Mike the Mad Biologist

Bono, Op-Eds, and Analysis



I had to laugh when, by way of ScienceBlogling Joseph, I read Daniel Drezner’s snarky description of Bono’s first outing as a NY Times op-editorialist. But leaving high-quality snark aside, I think Bono’s inclusion highlights a problem with most regular op-ed columnists: the dearth of analysts.

I’ll get to Bono in a moment, but op-ed pages are usually populated by journalists–that is, ex-reporters–and not people with analytical training (I realize that the last few years of lying in the financial sector has given ‘analyst’ a bad name, but I’m simply referring to people who are training to rigorously analyze data). In the NY Times (which is exceptional in this regard), economist Paul Krugman is the only analyst, although biologist Olivia Judson and Barbara Ehrenrich (Ph.D. in biochemistry) have been short-term guest columnists.

Most newspaper columnists, since they are selected from within, are, not surprisingly, journalists (go figure). I actually have great respect for good, even average journalists: to write accurate and compelling stories of a proscribed length on deadline is really difficult, particularly if the subject matter is unfamiliar to the journalist (or just not that interesting). Think about all of the times when bloggers decide that we’re going to write about a particular topic on a certain day, and how many fail to do so. It’s not easy.

The problem is that most op-ed writers who have graduated from the reporter ranks really don’t know how to analyze data–and I mean analysis more as a process, not as a collection of statistical techniques (although too many are also mathematically illiterate–and proud of it). Think about Nicholas Kristof and Bob Herbert. When they write columns that involve actual reporting–or, if you prefer, relating stories (non-fictional ones) to us–their columns are quite effective. When they attempt to analyze think tank studies, not so much.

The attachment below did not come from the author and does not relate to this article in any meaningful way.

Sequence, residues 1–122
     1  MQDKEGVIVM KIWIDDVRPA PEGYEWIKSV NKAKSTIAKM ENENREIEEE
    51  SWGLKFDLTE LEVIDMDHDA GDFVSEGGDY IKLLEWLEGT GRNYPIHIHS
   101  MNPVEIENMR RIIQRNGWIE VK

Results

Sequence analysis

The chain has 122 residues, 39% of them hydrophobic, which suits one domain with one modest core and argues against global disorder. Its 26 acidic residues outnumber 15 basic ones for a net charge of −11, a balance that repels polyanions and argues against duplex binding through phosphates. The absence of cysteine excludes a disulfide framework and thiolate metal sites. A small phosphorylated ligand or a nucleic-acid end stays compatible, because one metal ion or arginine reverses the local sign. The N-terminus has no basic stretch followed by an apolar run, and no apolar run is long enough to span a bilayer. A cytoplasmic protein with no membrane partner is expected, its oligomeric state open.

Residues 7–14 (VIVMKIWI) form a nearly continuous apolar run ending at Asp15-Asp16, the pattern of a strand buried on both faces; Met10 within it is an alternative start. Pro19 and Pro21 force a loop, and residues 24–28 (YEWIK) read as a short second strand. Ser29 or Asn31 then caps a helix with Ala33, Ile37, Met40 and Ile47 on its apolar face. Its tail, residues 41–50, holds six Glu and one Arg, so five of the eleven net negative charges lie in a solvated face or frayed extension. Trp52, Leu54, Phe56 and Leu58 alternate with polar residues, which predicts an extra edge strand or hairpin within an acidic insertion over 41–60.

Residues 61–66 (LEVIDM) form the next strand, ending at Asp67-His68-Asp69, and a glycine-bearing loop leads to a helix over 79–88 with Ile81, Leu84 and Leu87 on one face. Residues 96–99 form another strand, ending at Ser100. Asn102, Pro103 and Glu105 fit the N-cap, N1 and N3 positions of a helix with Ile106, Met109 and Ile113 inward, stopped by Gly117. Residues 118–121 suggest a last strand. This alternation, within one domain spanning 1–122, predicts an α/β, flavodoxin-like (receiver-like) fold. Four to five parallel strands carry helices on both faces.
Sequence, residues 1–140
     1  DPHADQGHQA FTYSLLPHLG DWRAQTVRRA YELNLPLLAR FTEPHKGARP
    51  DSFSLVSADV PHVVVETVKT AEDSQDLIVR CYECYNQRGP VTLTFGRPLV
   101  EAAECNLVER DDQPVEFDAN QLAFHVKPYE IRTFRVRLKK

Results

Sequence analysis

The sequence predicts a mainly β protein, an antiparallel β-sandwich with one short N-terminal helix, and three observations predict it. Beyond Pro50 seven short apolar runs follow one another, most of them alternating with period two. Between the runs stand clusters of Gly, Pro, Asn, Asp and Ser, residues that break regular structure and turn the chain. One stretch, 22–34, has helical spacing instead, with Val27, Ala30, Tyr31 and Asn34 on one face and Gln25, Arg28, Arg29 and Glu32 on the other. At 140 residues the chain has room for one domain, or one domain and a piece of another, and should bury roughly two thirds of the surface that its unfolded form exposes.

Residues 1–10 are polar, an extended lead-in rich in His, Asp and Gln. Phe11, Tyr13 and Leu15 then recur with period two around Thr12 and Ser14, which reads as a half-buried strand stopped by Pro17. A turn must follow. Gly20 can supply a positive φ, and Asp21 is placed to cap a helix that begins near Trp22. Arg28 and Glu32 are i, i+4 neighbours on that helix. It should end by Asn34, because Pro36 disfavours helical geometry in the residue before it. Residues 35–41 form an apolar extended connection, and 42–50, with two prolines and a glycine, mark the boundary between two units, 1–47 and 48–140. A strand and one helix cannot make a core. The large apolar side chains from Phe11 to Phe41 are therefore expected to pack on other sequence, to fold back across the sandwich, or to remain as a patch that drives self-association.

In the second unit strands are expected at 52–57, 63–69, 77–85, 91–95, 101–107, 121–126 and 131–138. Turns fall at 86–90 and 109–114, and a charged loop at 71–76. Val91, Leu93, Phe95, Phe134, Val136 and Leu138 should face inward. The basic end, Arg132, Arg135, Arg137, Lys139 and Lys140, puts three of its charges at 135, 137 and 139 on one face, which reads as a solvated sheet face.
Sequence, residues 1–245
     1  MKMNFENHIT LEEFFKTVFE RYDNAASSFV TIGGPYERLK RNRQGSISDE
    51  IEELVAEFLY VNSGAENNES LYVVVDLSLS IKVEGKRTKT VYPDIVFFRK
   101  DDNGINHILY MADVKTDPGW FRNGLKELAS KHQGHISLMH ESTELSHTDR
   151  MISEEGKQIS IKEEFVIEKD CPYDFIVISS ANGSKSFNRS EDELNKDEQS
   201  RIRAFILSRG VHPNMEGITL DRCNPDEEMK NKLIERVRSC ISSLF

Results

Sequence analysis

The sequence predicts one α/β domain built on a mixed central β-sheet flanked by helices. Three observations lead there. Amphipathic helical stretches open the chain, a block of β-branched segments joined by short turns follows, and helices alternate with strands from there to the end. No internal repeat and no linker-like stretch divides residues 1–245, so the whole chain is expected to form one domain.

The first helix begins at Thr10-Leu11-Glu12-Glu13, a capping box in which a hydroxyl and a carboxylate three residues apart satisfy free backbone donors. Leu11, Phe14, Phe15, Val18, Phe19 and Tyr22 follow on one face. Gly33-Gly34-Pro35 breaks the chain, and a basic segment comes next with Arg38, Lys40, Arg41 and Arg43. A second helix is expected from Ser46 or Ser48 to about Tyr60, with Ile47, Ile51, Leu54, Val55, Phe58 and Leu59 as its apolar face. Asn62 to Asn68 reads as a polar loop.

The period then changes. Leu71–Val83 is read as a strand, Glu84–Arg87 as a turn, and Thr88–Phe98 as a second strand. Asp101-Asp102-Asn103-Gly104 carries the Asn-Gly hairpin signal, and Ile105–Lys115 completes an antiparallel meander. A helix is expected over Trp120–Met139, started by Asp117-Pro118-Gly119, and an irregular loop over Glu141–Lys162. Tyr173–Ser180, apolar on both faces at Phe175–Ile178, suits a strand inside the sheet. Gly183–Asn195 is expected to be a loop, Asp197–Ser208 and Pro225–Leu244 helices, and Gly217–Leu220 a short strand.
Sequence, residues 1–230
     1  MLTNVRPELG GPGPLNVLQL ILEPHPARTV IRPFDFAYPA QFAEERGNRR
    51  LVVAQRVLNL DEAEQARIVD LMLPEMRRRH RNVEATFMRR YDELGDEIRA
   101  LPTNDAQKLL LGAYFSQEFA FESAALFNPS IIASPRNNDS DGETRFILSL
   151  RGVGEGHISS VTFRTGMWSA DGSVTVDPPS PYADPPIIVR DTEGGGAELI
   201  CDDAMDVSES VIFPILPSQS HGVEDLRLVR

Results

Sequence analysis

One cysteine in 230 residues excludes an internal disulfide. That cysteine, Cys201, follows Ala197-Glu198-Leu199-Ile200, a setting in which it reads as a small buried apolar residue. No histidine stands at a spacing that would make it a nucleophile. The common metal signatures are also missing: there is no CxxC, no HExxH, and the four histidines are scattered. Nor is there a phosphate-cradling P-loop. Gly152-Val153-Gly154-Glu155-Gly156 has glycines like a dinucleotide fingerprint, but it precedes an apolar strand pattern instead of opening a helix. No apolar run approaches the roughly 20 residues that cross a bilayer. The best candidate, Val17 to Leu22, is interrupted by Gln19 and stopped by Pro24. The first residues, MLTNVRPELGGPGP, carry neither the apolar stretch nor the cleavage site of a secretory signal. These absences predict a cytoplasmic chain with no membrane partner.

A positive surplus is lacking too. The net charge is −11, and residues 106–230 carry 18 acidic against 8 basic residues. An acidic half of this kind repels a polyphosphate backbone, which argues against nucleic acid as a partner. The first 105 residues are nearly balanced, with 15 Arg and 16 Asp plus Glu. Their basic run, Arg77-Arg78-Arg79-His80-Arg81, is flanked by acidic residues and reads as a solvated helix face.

So onto (or back to) Bono. He’s not a journalist, but an artist (regardless of what thinks of his art). How he approaches issues and events is going to be very different from either the journalist or the analyst. It’s going to be very personal and impressionistic–that’s what good artists do, and why they’re not policy wonks. If there is anyone else at the Times who is similar to Bono, it would be Vervyn Klinkberg (??). There’s something to be said for the impressionistic form: when done well, the reader can relate to it, as well as be entertained by it.

In fairness to Bono, his debut was entertaining. It was very well-written, if viewed as a form of non-fiction literature. I can’t draw any policy conclusions from it, however. That’s what’s frustrates me about Bono’s new gig: he has some very valuable real estate, and, in a political discourse that desperately needs more critical analysis (which is one reason blogs have gained so many readers), to use that space for literature is a shame.